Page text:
William G. Mays, who built one of the nation's largest minority-owned companies and saved one of its oldest African-American newspapers, died Thursday in Indianapolis on his 69th birthday.
Ebony Chappel, which announced May's death Thursday night, did not disclose the cause of death.
“Indianapolis has lost a titan of industry and philanthropy," Indianapolis Mayor Greg Ballard said in a written statement. "Bill Mays was a great businessman, mentor, and leader in our community. My thoughts and prayers go to the Mays family and the many lives he touched.”
Mays, a native of Evansville who graduated from Indiana University, founded Indianapolis-based Mays Chemical Co. in 1980 as a one-man operation and grew it into one of the 20 largest minority-owned companies in the United States.
Black Enterprise this month ranked Mays Chemical as the nation's 16th largest black-owned business, with $191.5 million in annual revenue and 212 employees. The company provides chemicals to manufacturers in the auto, pharmaceutical, food and beverage industries. Its customers include Eli Lilly and Co., Abbott Laboratories, Pfizer Inc. and Kellogg Co.
Mays also was owner/publisher of The Indianapolis Recorder, the nation’s fourth-oldest African-American newspaper. He purchased the struggling newspaper, which dates to the late 1800s, in 1990. Readership grew from about 10,000 to close to 100,000 under Mays' ownership.
“The entire state of Indiana is a little less great because Bill Mays is no longer with us," Recorder President Shannon Williams said in a written statement. "There are very few people who are as transparent, supportive and business-savvy as he was, which makes his death even more difficult. I am grateful he had the insight and passion to purchase the Indianapolis Recorder Newspaper at a time when it was at its most vulnerable. His efforts helped to preserve the history of African Americans in Indiana. The entire Recorder family mourns his passing while also celebrating his lasting legacy.”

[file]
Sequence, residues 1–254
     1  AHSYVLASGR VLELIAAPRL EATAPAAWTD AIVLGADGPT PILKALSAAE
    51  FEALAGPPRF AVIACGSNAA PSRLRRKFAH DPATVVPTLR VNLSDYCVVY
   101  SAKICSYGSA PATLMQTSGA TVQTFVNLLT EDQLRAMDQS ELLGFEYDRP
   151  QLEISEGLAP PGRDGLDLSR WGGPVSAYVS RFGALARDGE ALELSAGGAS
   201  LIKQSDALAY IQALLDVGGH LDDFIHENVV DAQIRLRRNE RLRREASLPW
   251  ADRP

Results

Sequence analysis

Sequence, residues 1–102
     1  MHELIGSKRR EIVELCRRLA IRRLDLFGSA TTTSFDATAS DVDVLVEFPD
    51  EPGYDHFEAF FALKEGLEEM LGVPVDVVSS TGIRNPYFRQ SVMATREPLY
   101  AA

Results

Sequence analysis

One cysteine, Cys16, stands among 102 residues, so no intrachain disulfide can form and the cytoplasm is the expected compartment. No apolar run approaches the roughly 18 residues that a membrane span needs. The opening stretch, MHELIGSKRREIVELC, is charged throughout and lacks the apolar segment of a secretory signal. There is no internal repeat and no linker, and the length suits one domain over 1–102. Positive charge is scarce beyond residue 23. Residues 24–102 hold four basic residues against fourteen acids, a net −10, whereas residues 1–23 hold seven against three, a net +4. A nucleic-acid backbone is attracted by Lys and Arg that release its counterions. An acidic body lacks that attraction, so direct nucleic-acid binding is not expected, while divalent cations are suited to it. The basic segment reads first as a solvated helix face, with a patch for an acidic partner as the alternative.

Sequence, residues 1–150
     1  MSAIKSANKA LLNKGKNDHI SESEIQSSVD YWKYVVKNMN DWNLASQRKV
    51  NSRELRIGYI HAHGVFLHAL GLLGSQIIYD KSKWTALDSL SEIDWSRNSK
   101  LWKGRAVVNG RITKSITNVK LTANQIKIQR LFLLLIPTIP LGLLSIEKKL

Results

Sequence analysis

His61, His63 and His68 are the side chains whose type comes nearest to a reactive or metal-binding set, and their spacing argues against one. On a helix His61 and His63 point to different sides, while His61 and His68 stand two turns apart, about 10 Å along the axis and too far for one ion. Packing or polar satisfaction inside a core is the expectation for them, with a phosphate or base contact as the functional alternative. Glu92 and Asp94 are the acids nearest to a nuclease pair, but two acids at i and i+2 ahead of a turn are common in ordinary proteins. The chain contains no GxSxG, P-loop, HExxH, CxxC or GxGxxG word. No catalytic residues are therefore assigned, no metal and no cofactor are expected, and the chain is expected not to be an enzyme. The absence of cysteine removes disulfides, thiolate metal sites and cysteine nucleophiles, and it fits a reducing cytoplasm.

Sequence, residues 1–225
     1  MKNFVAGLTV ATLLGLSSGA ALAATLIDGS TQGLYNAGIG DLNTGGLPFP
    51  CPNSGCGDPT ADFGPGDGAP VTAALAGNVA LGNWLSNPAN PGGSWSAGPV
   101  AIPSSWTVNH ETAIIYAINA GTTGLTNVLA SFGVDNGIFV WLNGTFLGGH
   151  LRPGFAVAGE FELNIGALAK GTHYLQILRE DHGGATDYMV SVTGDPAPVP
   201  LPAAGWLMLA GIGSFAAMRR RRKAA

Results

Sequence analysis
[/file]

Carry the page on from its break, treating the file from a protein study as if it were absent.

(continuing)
Mays was local groundbreaker in business circles as the first African-American chairman of the Indianapolis Chamber of Commerce and the first African-American appointed chairman of the Indiana Lottery Commission.
He invested—both money and time—in more than 100 companies, most of them minority- or women-owned, and donated millions to philanthropic causes.
Mays "leaves an indelible legacy of entrepreneurship, community service and advocacy," Indiana Black Expo CEO Tanya Bell said in a written statement. "Bill has always been an advocate for the African-American community and has invested and provided mentorship to numerous small businesses." He was "an invaluable asset to Indiana Black Expo and the community of Indianapolis. He worked tirelessly to build Circle City Classic and impact historically black colleges for 30 years. He will truly be missed."
Among his highest-profile investments was his joint venture with Bill Shirk that in 1993 bought television and radio stations, including WHHH-FM (96.3) and WYJZ-FM (100.9). The broadcasting properties were sold in 2000 to Maryland-based Radio One for $40 million.
He also served on the boards of Indianapolis-based health insurer WellPoint Inc., Evansville-based power utility Vectren Corp., the IU Foundation and the National Minority Supplier Development Council.
IBJ took a long look at Mays' impact on the business community in 2011 when he retired from executive leadership at Mays Chemical.
In a 2012 Forefront column, writer Robin Winston called Mays "a role model to business, community, civic and faith-based leaders," and a "continued presence and adviser to countless entrepreneurs and socially active groups in our community."
Mays is survived by his wife, Dr. Rose Mays, retired associate dean of community affairs at Indiana University’s School of Nursing; daughters Kristin Mays-Corbitt, president of Mays Chemical, and Heather Mays Woods, an educator.
Mays' niece, former state Rep. Carolene Mays, is commissioner for the Indiana Utility Regulatory Commission and the former publisher of the Recorder.